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Painless Cooking

When all else fails, cook it slow. Turkey and goose legs, venison shoulders and even fish fillets. Get it safe to eat and then dress your dinner up from there.

You’ll need a few ingredients:

– aluminum foil pan

– aluminum foil

– water

– meat of choice

For a general rule of thumb, heat the oven to 250 degrees and place your meat of choice in the pan with just enough water to cover half of your dinner, and then cover the entire pan with aluminum foil.

A deer shoulder after it has been slow cooked. Notice the amount of water in the bottom of the pan.
Jeff Kurrus/NEBRASKAland Magazine

For a deer shoulder, I usually start cooking in the morning and it’s tender by suppertime.

For smaller dishes, such as rabbit and turkey legs, I’ll start checking it after a few hours.

For fish fillets (these works best already boneless), take a look in an hour.

Once tender, de-bone the meat and decide your next step. Because you definitely have options.

1)      Shred the meat, add butter, spices, salad dressings, sauces, veggies and anything else you can think of, stir together and smoke your dish on the grill for at least 15 minutes uncovered. Because the meat is done, these extra steps are merely for additional taste … and fun.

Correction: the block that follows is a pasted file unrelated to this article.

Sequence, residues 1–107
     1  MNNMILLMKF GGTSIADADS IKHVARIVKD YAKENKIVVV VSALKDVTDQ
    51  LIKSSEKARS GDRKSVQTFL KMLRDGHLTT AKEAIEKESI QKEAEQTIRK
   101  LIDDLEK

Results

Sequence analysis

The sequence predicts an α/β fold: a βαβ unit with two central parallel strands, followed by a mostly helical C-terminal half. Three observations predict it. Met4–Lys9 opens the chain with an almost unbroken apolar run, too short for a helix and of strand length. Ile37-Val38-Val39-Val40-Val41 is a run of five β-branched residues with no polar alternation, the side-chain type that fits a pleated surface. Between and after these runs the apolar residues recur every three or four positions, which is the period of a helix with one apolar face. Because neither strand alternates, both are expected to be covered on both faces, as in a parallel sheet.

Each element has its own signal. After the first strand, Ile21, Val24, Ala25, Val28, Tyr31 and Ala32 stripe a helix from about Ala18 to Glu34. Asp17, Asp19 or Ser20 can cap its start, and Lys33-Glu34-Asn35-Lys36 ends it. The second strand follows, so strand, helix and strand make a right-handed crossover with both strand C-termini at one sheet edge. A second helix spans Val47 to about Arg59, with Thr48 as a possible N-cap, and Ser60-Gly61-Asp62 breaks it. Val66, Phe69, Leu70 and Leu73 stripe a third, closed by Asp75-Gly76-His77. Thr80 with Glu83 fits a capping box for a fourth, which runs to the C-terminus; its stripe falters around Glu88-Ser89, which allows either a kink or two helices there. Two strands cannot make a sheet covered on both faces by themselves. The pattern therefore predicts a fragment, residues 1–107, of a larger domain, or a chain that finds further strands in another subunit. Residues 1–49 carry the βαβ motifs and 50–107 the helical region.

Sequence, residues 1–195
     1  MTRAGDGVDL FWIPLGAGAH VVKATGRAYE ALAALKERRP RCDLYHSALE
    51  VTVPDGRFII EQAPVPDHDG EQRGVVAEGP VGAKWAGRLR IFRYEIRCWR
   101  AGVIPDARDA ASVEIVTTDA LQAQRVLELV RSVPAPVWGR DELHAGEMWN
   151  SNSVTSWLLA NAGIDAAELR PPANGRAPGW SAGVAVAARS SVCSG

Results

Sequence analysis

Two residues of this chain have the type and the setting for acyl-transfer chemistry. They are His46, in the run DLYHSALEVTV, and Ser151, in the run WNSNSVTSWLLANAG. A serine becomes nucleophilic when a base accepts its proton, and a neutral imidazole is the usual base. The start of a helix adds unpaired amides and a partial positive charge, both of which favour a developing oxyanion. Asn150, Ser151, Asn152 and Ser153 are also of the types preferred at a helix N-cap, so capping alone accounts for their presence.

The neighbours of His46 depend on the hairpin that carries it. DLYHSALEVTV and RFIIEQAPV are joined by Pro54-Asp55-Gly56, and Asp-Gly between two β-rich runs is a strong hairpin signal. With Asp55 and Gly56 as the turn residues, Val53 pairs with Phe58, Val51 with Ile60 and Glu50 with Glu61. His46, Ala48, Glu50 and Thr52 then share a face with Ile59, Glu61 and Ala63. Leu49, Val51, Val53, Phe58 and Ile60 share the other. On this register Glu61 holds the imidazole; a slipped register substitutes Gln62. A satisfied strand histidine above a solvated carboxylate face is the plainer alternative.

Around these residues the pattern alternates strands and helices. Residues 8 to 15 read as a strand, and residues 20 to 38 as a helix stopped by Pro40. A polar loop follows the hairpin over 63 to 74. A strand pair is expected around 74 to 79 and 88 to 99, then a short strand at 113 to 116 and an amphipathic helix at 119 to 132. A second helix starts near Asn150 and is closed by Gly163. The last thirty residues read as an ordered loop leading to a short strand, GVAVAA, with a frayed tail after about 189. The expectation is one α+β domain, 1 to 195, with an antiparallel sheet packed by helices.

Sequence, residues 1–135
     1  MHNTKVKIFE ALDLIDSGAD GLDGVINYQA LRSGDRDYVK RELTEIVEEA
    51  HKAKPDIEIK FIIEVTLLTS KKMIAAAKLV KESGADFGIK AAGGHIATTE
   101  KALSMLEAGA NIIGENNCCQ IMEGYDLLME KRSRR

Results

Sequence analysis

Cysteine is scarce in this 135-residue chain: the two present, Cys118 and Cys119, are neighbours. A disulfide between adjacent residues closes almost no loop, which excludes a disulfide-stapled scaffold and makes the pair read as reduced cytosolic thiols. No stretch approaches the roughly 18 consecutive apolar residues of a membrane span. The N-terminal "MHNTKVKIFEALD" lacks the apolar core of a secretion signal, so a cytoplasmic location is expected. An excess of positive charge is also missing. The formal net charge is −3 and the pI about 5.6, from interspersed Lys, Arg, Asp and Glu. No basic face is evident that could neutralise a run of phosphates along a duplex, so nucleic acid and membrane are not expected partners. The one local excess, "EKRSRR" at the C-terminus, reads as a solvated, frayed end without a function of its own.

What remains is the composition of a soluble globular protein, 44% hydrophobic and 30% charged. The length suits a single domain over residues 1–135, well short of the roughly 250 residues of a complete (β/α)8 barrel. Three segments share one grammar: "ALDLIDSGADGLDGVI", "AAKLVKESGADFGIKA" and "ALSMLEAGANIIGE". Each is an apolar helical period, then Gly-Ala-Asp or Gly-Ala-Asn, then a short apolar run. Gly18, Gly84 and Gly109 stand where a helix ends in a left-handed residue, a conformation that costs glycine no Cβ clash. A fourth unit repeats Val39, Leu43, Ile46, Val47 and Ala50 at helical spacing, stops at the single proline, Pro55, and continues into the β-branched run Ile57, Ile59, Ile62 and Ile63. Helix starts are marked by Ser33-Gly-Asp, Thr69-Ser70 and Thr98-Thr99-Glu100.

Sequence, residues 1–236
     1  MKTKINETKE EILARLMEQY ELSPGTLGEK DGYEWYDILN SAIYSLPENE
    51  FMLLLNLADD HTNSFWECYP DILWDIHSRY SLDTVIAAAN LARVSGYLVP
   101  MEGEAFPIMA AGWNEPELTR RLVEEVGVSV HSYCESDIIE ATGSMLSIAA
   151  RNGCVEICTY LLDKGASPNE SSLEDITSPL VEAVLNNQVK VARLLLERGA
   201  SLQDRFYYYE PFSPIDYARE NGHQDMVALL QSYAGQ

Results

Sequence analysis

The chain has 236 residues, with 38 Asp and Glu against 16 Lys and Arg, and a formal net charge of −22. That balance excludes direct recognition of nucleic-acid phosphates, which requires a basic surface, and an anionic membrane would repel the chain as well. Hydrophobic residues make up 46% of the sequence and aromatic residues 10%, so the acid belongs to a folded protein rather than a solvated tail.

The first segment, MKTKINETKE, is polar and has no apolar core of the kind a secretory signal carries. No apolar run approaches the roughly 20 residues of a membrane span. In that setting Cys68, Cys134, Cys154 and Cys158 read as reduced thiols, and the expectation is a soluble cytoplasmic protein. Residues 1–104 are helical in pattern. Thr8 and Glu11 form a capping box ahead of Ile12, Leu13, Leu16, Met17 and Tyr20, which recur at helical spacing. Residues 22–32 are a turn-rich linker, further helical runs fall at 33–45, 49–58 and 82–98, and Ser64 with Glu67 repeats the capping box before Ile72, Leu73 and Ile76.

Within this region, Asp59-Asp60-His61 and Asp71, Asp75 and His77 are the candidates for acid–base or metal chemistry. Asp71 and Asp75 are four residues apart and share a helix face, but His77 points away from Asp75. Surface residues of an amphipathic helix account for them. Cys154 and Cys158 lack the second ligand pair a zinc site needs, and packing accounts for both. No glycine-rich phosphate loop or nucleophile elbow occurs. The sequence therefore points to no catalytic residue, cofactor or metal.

2)      Mix your meat with another dish you’ve already prepared. Creative dishes like rabbit enchiladas and deer and dumplings are two of my favorites.

After slow cooking, add onions, butter and ingredients to spice up your dinner.
After slow cooking, add onions, butter and other  ingredients to spice up your dinner. Jeff Kurrus/NEBRASKAland Magazine

Overall, slow cooking is painless. Start the process, let the oven do the work, and come in to close the deal at the end with a few spices and creativity that forces your dinner guests to say, “Are you sure this is deer we’re eating?”

After slow cooking venison, I'll shred it, much like BBQ pork, and serve with hamburger buns and cole slow.
After slow cooking venison, I’ll shred it, much like BBQ pork, and serve with hamburger buns and cole slaw.
Jeff Kurrus/NEBRASKAland Magazine



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